And one way to get the system on your side, I realised, is to know the right people. This 'system' and 'life' we call are just made up of people, for people. And as the social creature we are, having a wide and quality network offers you advantages you otherwise wouldn't encounter. For example, some survey claims that 60% of jobs are founded through networking, not online application.

Here are just some examples of how having a good network helped me or someone I know:

  • I applied for 40+ internships last summer through official ways and landed none. I then proceeded to send just around 3 cold messages to businesses and individuals whom I wanted to work with. I ended up spending the summer working with an exciting Alcohol-Free beverages startup that appeared on BBC's Dragon's Den.
  • I talked to people I know who work in companies I am interested in applying to. They were able to offer me insights that I could never find online. Ended up helping me differentiate myself during interviews.
  • I met people in casual, private networking settings and ended up landing job referrals.
  • I saw how knowing executive members within a student society helps or stops you from landing a role within that society. People vouch for you, and vice versa. Reputation matters.

Does this mean you should put on a fake mask and start going around 'networking'?


If you are being fake people can see right through it. Be genuinely curious and interested in someone, be sincere, and you never know who will be helpful for you down the line!

3 - If you don't decide for yourself what you want, someone else will.

Tim Urban from Wait but Why describes it amazingly here. But in a nutshell:

When you're born, you're being thrown into a small river with whoever that's similar to you with a similar background. You didn't choose the path. Where this small river goes is decided by society, your parents, et cetera. You sort of just goes one direction without thinking much. Same as everyone else.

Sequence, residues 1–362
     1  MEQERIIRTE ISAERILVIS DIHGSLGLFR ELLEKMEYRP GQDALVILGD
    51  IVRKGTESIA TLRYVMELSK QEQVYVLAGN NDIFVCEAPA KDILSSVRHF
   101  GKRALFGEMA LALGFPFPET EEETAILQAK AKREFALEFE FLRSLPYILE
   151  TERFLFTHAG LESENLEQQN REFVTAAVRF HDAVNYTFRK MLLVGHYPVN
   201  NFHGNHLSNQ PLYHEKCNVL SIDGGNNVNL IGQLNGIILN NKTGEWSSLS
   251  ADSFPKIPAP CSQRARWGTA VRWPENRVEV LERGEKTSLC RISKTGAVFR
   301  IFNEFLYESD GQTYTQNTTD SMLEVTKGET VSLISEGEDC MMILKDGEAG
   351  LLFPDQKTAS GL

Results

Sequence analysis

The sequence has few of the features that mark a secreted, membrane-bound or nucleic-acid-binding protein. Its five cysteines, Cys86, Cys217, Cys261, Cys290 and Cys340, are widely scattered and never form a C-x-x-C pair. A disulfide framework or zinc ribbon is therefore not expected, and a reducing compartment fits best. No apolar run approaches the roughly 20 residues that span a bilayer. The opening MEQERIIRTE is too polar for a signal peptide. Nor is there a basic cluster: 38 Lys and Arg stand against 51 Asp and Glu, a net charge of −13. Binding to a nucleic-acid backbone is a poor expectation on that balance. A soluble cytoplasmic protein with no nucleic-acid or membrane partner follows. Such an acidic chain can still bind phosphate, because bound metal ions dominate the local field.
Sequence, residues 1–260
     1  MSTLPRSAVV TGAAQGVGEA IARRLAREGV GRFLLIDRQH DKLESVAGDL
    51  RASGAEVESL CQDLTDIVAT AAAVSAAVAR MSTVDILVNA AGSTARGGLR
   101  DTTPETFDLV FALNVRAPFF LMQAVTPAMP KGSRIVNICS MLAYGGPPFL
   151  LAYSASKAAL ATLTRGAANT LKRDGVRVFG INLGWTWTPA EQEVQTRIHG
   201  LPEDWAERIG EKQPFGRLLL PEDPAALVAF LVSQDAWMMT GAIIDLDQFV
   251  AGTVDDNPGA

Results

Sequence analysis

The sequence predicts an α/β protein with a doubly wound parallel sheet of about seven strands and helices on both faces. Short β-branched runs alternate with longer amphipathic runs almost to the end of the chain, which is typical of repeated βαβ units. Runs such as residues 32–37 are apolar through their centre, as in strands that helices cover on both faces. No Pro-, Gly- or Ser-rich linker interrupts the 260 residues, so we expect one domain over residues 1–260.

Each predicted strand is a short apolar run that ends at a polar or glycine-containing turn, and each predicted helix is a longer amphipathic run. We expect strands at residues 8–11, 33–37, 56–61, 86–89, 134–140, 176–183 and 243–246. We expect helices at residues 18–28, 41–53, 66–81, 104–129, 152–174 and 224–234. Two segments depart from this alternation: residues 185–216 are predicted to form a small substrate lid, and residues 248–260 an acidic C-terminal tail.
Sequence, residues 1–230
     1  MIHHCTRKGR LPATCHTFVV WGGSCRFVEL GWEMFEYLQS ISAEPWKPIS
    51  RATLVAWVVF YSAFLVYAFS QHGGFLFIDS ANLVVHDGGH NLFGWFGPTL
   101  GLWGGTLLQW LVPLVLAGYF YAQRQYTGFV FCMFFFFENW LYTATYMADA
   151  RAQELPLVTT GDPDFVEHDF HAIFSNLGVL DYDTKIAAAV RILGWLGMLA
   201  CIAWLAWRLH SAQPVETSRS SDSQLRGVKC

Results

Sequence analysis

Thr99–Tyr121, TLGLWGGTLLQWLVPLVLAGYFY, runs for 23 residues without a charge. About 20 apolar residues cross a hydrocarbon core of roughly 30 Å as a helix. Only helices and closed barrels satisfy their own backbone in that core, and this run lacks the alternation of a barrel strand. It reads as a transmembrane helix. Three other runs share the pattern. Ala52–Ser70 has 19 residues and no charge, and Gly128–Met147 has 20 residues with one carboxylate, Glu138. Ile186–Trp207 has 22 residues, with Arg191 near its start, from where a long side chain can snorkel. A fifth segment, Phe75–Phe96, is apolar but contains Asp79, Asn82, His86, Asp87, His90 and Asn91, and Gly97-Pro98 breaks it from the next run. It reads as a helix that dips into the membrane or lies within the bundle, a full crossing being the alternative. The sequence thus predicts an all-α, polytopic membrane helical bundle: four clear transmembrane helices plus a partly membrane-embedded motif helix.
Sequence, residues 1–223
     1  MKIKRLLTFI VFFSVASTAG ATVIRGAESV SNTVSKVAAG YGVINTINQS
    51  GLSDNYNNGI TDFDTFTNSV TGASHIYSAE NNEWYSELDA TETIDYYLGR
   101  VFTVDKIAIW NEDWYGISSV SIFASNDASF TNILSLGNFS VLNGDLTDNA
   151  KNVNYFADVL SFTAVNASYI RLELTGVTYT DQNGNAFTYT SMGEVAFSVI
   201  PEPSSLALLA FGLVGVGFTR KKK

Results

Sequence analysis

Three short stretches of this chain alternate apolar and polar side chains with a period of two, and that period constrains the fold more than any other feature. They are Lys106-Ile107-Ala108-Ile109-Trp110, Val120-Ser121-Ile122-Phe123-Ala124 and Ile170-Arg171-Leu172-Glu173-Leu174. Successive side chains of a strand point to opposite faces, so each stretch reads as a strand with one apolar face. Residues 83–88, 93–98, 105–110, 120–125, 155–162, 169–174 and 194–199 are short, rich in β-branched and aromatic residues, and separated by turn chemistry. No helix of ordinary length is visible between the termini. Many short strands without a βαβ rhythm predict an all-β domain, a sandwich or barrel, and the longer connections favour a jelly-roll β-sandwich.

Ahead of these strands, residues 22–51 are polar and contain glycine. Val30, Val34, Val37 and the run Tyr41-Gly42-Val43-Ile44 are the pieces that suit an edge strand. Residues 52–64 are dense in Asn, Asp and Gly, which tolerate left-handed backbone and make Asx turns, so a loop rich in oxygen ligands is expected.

You then float into a pond called 'university'. It is a bit bigger and you have more to choose from, but still somewhat limited. But it is different from the river in that you really have a choice now.

I would like to describe life after university as being thrown into the sea. So there are practically limitless choices.

If you do not decide for yourself what you want, the current will take you wherever. You will end up doing what society, your parents, and your peers expect of you. But is that really what you want?

As a law student, the current pushes me to become a lawyer. Not just any lawyer, but a commercial lawyer that makes money. A lot of money. But halfway through university, I decided that it is not what I wanted, and that meant I have to swim against the current towards a new direction that poses uncertainty.

β€œUntil you make the unconscious conscious, it will direct your life and you will call it fate.” – Carl Jung

I still haven't fully found one destination yet. But at least I know the general direction that I am swimming towards is one that I chose for myself intentionally.

Concluding remarks

I guess the last point is in a way why I started this blog. As much as I am writing to share my experience and lessons learnt to help others design a more intentional, fulfilling life, this is also a blog I am writing for myself to gain mental clarity, a temple of some sort that I wish to create for myself for introspections.

If you enjoyed the content feel free to subscribe to the blog here. I will be writing occasionally. No spam, I promise.

Have a lovely week x